SF Giants Catcher Tyler Heineman Signs With St. Louis Cardinals

SF Giants catcher Tyler Heineman became a minor-league free agent on Monday. (Photo by Michael Zagaris/Oakland Athletics/Getty Images)
SF Giants catcher Tyler Heineman became a minor-league free agent on Monday. (Photo by Michael Zagaris/Oakland Athletics/Getty Images) /
SF Giants, St. Louis Cardinals, Tyler Heineman
SF Giants catcher Tyler Heineman (43) throws the ball to first base to complete a strikeout during the second inning against the Texas Rangers at Oracle Park. (Darren Yamashita-USA TODAY Sports) /

SF Giants Opening Day catcher in 2020, Tyler Heineman, has signed a minor-league contract with the St. Louis Cardinals.

After spending the 2020 season in the SF Giants organization, catcher Tyler Heineman has signed with the St. Louis Cardinals on a minor-league contract, per his Twitter. While Yadier Molina is expected to be the Cardinals starting catcher, last season’s backup Matt Wieters is a free-agent. Heineman will likely compete with whoever else St. Louis brings in for a spot on the big-league roster.

Heineman was signed for a similar circumstance last offseason. However, the COVID-19 pandemic changed everything for the Giants. When Buster Posey decided to opt-out for the season, the team was scrambling for a full-time starter. Heineman won the job out of the team’s second Spring Training and was their Opening Day backstop. Once Chadwick Tromp recovered from an injury though, Heineman was pushed into a platoon where he struggled.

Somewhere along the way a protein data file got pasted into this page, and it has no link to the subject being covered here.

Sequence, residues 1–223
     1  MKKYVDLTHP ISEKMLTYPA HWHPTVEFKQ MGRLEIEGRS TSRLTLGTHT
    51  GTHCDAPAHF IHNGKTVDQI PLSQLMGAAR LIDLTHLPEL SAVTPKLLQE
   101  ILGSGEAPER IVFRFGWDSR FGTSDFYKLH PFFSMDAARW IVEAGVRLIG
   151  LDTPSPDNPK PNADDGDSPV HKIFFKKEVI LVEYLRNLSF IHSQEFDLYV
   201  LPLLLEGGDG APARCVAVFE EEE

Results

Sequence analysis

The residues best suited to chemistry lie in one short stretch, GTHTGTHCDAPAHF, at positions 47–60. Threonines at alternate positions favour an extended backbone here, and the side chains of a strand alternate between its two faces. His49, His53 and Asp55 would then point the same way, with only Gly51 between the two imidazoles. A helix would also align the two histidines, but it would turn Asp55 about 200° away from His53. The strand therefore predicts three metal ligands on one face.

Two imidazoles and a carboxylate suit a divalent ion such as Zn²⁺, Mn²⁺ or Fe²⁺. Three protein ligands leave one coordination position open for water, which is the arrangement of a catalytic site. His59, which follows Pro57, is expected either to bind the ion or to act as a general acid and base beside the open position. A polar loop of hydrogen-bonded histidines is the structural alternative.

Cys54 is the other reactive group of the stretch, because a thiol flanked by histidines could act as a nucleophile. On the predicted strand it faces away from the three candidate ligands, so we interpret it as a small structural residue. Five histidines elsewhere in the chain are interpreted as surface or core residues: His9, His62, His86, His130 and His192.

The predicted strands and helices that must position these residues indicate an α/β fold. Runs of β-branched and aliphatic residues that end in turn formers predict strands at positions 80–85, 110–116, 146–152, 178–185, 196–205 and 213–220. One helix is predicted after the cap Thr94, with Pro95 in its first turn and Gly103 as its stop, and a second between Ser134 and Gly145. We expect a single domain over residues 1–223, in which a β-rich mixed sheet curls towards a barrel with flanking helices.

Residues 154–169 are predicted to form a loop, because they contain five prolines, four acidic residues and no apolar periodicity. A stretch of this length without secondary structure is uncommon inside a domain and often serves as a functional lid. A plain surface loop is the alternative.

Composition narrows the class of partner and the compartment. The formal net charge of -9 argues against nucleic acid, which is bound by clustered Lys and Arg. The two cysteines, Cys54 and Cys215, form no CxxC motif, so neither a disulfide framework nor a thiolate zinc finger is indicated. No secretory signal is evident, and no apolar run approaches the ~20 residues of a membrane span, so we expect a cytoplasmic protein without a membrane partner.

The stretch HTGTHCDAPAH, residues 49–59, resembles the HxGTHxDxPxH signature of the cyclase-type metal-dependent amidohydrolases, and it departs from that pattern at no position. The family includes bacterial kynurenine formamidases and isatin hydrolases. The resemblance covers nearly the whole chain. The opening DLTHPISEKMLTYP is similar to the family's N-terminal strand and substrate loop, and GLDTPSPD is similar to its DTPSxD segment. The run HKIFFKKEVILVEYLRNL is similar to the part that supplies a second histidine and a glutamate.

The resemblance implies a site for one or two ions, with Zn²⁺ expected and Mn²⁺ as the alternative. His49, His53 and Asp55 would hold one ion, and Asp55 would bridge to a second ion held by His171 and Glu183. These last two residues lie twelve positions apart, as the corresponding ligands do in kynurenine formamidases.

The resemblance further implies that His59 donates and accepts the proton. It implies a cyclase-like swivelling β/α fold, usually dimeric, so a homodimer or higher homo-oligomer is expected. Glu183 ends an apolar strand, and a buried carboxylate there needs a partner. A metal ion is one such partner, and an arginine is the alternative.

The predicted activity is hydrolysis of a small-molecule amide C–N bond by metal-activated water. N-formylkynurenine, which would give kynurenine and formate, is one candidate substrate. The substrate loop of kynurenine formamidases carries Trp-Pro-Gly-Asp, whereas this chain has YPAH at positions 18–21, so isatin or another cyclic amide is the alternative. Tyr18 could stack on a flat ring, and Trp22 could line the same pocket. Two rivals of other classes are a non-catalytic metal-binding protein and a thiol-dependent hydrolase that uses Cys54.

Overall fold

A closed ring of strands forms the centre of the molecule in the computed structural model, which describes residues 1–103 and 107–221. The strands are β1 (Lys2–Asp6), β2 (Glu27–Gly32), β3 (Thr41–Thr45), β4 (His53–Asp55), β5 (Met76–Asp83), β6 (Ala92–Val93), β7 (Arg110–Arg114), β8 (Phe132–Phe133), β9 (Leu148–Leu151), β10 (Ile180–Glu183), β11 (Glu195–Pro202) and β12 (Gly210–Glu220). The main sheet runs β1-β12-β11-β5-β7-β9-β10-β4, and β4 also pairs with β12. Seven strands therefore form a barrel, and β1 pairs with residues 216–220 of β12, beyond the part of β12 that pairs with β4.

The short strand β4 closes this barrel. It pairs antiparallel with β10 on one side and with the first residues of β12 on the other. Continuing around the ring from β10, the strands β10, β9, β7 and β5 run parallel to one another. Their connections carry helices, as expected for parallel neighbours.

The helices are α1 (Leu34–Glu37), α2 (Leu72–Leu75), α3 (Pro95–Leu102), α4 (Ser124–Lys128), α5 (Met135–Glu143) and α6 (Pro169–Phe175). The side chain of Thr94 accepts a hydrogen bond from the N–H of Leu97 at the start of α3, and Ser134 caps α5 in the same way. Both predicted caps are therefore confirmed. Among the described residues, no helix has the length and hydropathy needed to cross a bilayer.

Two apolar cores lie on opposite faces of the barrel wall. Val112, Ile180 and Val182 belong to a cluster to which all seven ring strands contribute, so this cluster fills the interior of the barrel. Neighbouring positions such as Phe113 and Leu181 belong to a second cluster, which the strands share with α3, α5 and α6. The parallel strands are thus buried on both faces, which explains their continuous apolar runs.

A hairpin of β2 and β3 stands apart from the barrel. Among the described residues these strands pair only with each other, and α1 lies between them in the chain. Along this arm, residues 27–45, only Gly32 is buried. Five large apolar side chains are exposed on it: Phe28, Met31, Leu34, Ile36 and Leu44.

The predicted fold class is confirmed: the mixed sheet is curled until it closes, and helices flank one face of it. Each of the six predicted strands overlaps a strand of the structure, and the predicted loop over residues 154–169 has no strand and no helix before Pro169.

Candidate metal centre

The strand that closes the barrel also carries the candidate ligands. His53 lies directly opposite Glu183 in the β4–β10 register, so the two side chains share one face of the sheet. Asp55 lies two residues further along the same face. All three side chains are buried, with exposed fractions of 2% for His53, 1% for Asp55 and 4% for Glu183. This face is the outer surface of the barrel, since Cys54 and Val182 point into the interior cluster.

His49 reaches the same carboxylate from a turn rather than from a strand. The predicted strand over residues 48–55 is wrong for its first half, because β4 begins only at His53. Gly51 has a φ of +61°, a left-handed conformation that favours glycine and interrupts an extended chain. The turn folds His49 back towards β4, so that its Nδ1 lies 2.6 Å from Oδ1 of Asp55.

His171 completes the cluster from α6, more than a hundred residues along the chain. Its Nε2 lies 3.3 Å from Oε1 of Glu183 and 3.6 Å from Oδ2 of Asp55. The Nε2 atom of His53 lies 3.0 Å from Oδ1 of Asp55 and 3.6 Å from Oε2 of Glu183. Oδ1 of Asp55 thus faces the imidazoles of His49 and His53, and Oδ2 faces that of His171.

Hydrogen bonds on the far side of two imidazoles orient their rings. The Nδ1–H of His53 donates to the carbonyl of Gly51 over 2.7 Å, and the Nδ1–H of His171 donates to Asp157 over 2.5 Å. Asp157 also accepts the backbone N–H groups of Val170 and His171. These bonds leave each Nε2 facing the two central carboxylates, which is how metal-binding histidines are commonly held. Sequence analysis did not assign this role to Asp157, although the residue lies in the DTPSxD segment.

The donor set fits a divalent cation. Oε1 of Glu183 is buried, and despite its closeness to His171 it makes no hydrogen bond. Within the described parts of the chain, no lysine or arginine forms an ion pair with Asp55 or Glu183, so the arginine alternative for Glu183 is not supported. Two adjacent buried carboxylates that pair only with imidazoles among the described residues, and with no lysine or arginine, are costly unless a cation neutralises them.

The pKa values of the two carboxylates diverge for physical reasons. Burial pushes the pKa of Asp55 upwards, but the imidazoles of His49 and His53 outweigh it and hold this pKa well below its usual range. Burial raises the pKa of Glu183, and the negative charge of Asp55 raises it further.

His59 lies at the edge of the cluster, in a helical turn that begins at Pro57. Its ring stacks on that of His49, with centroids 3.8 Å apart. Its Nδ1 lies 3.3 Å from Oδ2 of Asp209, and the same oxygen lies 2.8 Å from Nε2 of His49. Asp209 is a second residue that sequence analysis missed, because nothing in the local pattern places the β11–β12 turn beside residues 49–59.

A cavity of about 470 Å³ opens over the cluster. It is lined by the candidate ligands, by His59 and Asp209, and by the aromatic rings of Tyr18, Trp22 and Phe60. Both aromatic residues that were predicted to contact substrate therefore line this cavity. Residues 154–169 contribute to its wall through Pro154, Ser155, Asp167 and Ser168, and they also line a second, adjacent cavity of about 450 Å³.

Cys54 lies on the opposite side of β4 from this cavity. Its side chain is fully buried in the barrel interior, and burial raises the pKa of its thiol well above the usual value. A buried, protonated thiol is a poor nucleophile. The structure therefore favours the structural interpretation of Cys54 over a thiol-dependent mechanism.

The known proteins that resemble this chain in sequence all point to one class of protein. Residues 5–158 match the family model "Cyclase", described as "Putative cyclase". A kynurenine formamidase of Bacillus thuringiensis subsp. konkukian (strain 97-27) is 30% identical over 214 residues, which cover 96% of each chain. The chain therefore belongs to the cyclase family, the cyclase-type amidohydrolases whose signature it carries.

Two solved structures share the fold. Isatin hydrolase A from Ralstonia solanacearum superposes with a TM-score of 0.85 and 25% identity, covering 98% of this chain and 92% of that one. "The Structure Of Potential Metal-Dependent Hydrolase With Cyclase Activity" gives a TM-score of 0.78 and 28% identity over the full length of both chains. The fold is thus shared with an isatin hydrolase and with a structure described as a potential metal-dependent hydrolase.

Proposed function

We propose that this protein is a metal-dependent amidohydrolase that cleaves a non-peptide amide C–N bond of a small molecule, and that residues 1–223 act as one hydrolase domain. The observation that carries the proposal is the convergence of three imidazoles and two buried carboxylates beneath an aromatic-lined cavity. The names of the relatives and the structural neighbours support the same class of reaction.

His bat never excelled at the minor-league level, but he’d paired a good approach with a propensity for contact that Giants brass were probably hoping would lead to a respectable line. Heineman did post a solid walk-rate (8%) and limit strikeouts at an impressively low clip (12%). However, he was unable to impact the ball and finished the season with a meager .190/.292/.214 line in 50 plate appearances.

Defensively, Giants coaches were pushing their catchers to move closer to the plate to help their pitchers steal strikes. It paid dividends, but came with a cost. In the first few weeks of the season, Heineman was nabbed for multiple catcher’s interferences when the batter’s bat clipped his glove on their swing. Still, his above-average framing added far more value than it took away.

When top prospect Joey Bart was promoted, Heineman became the odd-man out, with Tromp shifting to the backup role. Aside from a short late-season stint when Tromp went on the IL, Heineman spent the remainder of the season at the alternate site in Sacramento. Once the season came to  a close, he was outrighted in a flurry of roster moves.

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Tyler Heineman will not turn 30 until next July and has shown he can play solid defense behind the plate and put the ball in play. That’s enough to compete for a backup job every year. If he can find a way to generate some power, he is well suited to take advantage. If he does, he’d easily be the front-runner to be the St. Louis Cardinals backup catcher.